Tag: neogene

Moropus elatus (Chalicotheriidae), Miocene, North America

Oil paint on paper, 2019

42 x 29,5 cm

Summary of all fossil Alcelaphini-genera with selected species

Coloured pencil drawings, digitally composed; 2018

The reconstructions were made with kindly support by paleontologist Dr. Faysal Bibi from the Museum for Natural History Berlin.

Carcharocles megalodon (Otodontidae), Miocene – Pliocene, worldwide occurrence

Pencil, 2018/19

32 x 24 cm

The picture was drawn from a petrified specimen at the natural history museum in Waldenburg/Saxony.

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Menelikia lyrocera (Bovidae), Pliocene – Pleistocene, East Africa

Pencil, 2019

29,5 x 21 cm

The picture was drawn from two exhibits at the National Museum of Natural History (MNHN) in Paris.

Awashia suwai (Bovidae), Late Pliocene, Ethiopia

A. suwai was found at the Matabaietu formation which is located at the eponymous river Awash in Ethiopia. It lived there about 2,5 million years ago together with hominids like Australopithecus garhi and maybe Paranthropus aethiopicus.

Coloured pencil, 2018

30 x 24 cm

Damalops palaeindicus (Bovidae), Late Pliocene, South Asia

This is a notably species in two aspects: on the one hand it is the only known alcelaphine outside of Africa, on the other hand its horn form is very simple compared to other Alcelaphini. D. palaeindicus lived during the Pinjor formation about 2,5 million years ago in the area of today’s Siwaliks (southern Himalayas) in India. There are also remains from  the Republic of Tajikistan.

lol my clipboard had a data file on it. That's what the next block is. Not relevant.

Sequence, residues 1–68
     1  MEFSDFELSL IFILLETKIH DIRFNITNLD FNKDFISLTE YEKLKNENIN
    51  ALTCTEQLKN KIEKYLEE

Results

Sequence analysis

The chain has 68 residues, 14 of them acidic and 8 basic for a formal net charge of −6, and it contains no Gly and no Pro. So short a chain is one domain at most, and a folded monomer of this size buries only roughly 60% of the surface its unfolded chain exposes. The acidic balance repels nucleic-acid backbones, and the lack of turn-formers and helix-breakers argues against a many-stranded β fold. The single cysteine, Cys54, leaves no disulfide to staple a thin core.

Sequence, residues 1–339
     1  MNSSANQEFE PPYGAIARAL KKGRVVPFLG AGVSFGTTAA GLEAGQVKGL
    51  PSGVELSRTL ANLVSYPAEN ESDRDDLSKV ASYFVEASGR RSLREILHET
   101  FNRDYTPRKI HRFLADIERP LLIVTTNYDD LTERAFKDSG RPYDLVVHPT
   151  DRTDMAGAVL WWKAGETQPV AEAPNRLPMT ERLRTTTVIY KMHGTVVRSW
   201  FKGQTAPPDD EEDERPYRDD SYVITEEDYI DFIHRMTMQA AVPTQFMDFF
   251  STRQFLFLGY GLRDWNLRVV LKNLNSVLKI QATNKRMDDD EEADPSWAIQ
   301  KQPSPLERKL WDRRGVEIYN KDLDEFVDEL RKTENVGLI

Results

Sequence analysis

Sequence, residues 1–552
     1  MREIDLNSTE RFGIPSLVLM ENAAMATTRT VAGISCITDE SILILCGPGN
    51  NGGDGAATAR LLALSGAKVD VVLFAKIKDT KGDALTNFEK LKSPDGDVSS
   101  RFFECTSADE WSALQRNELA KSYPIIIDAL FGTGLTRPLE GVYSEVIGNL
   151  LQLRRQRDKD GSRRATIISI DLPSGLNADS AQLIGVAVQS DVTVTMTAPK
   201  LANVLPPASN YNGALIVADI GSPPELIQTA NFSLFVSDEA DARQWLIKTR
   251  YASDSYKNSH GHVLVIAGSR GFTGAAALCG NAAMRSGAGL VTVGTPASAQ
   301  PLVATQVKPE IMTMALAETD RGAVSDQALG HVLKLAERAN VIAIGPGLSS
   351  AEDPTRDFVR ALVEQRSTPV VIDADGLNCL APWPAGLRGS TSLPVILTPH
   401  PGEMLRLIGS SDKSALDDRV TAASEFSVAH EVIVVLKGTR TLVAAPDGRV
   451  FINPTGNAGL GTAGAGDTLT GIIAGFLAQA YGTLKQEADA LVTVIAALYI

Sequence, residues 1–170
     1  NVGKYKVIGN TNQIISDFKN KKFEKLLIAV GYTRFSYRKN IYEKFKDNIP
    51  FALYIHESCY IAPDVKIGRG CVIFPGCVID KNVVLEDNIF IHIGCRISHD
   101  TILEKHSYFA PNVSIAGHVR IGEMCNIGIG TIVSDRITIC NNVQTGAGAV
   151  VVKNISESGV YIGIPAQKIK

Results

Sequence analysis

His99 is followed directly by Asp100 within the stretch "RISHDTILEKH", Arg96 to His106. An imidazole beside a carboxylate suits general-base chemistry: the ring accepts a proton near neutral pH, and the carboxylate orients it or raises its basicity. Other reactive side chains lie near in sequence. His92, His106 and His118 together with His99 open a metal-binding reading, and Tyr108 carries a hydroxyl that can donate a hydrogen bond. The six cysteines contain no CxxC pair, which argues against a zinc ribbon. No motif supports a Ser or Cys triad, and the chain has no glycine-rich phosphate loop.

Coloured pencil, 2018

30 x 24 cm

Damalborea elisabethae (Bovidae), Middle Pliocene, East Africa

This prehistoric alcelaphine was discovered at the Hadar-Formation in Ethiopia. It lived there about 3,3 million years ago together amongst others with the hominin Australopithecus afarensis. It was named after paleontologist Elisabeth Vrba.

Coloured pencil, 2018

30 x 24 cm

Damalacra neanica (Bovidae), Early Pliocene, South Africa

An alcelaphine that lived about 5,3 – 3,6 million years ago. Probably their feeding niches range from browsers to mixed feeders. D. neanica was about as large as today’s blesbok (Damaliscus pygargus phillipsi).

Coloured pencil, 2018

30 x 24 cm

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